A 31-YEAR-OLD woman has received a suspended jail sentence after biting a police officer, and attempting to bite his colleague, when she was taken to hospital for treatment.
Karen McDonald, of Main Street, Ballinamallard, was charged with two counts of assaulting a police officer in the course of his duty on December 7, 2016.
In connection with a separate incident, she was further charged with obstructing police, assaulting a female police officer and resisting arrest on January 22, 2017.
McDonald entered guilty pleas to all the charges when she appeared before Fermanagh Magistrates Court on Monday.
The court heard that, on December 7, police attended the defendant’s home address over concerns for her safety after she had injured herself.
She was conveyed to South West Acute Hospital for treatment.
While at the hospital, McDonald kicked out at the officers and had to be restrained.
She attempted to bite one police officer and then bit another officer who was wearing gloves.
The defendant was subsequently taken back to Enniskillen custody suite, but had to return to the hospital as she required medical attention.
On this occasion she had calmed down “considerably” and apologised for her actions.
Meanwhile, at 2.45am on January 22 this year, police were called to a separate incident at the defendant’s home address.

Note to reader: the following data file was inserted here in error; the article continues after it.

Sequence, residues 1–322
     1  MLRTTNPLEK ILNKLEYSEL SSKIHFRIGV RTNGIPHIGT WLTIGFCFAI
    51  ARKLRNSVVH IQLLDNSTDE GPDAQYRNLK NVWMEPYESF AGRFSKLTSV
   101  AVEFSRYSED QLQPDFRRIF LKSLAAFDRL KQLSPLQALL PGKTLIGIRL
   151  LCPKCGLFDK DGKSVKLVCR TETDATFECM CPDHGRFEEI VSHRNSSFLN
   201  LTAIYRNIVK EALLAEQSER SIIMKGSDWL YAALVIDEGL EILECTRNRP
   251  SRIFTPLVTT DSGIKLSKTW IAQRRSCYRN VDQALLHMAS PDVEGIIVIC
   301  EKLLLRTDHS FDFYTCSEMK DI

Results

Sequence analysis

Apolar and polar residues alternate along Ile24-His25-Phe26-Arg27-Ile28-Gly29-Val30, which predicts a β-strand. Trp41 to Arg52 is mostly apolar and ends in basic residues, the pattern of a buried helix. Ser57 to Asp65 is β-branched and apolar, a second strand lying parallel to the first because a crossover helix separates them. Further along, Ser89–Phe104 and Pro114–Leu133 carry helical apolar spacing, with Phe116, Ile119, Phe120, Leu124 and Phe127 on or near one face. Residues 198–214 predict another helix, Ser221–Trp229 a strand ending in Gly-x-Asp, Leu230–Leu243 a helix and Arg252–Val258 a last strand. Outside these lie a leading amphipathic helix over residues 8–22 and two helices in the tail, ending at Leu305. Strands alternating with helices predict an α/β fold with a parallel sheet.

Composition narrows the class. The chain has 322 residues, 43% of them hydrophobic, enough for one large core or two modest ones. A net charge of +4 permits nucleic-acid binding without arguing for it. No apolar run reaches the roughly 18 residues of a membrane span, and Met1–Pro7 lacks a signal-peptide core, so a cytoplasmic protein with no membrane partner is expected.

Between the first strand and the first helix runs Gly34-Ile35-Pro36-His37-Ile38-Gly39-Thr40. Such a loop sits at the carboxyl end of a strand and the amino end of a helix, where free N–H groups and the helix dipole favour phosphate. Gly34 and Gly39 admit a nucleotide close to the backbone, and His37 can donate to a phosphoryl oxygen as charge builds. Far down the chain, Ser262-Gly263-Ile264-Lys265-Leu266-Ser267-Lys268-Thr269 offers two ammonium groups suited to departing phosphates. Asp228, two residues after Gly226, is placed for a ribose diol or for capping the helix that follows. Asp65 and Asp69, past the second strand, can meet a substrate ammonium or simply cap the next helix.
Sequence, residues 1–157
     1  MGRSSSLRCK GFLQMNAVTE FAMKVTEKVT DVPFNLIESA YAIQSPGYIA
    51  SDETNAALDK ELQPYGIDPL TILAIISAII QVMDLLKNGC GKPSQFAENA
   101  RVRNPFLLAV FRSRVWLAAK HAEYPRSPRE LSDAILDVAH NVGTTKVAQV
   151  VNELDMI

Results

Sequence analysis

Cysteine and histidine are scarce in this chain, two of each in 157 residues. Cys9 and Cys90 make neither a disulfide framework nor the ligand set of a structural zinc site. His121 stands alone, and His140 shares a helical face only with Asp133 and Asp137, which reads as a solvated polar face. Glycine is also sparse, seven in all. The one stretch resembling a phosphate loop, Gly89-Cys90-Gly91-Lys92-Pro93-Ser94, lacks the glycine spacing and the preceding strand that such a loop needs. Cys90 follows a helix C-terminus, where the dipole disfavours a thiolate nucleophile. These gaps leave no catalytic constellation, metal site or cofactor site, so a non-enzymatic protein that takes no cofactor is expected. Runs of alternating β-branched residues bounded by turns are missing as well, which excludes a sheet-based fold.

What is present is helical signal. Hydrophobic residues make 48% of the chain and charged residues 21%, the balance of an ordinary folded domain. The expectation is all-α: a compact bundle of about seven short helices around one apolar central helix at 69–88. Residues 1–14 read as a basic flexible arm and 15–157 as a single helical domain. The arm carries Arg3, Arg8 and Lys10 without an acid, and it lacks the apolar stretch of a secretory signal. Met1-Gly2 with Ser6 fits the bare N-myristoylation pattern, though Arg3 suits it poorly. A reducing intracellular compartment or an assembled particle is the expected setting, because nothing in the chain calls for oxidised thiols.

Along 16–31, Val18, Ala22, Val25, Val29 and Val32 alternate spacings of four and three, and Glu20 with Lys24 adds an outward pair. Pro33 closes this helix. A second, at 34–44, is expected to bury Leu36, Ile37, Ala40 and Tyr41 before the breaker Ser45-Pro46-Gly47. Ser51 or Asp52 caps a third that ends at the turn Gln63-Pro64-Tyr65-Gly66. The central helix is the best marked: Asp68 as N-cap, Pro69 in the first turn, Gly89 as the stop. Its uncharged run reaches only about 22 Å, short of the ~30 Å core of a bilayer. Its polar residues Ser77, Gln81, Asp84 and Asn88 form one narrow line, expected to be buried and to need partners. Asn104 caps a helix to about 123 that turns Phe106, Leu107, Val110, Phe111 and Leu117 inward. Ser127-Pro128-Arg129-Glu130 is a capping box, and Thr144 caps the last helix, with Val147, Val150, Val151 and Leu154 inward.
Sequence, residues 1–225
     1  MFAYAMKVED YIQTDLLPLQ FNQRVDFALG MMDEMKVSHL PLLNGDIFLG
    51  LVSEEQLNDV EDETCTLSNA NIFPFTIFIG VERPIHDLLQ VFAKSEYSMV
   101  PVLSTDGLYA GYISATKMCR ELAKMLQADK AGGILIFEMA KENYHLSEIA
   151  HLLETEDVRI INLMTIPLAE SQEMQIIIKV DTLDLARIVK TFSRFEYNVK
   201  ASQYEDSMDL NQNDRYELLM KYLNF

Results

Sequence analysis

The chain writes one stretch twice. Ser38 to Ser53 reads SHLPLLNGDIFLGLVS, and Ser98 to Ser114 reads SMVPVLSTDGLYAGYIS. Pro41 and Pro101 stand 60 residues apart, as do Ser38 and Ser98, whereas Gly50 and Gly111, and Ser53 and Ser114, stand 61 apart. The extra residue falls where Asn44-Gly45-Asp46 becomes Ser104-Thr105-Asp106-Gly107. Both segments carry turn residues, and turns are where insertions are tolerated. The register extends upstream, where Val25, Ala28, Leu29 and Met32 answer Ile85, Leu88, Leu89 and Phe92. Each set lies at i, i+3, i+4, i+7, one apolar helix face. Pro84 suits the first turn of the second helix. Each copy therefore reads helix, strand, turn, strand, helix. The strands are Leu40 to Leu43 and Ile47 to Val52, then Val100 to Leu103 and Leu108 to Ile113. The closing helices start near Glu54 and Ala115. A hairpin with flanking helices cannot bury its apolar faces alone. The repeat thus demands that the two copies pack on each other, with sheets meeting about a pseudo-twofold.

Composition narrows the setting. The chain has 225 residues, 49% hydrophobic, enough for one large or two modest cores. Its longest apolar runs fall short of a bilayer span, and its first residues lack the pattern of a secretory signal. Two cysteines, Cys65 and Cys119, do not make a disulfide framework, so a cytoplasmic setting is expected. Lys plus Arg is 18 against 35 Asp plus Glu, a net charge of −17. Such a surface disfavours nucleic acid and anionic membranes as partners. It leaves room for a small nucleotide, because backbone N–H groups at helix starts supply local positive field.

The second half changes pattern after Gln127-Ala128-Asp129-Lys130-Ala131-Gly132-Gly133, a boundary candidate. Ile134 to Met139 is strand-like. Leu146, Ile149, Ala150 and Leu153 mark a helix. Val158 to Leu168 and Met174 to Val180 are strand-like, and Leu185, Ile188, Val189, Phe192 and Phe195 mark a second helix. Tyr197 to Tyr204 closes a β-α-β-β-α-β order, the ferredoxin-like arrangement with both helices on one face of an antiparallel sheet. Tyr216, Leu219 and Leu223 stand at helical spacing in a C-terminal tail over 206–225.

When they tried to arrest her partner, she stood between him and the officers. She wrapped herself around her partner and began shouting and swearing.
McDonald continued to obstruct the officers and then slapped a female policewoman on the face.
She had an “item” in her hand, the court heard.
Her abusive language towards the police continued as they escorted her partner into the rear of the police vehicle.
The defendant opened the back door of the car and shouted: “Get out and run!”
After she was told to move away, McDonald struck out at the female officer, causing swelling and tenderness to the face.
During interview, she admitted opening the door of the police car, but denied the assault.
Defending counsel, Ciaran Roddy, told the court that the offences were “very serious”, with a number of aggravating features.
In mitigation, the barrister said his client, who experienced a “difficult upbringing”, had a number of mental health problems and was recently a patient at the Tyrone and Fermanagh Hospital in Omagh.
Mr. Roddy said that she was now on medication and “more settled”.
Looking at her criminal record, the barrister said she had 11 previous convictions for common assault, but the last of these had been committed when she was 16.
He added that she was currently subject to a Combination Order and had already completed the Community Service element.
Urging the judge to impose a suspended sentence, Mr. Roddy said that the offences had occurred when she did not have the assistance of medication.
District judge, Amanda Brady, observed that the custody threshold had been passed in the case, but, taking into account what had been said, the judge said she would suspend any sentence.
Ms. Brady imposed a total jail term of four months, which she then suspended for 12 months.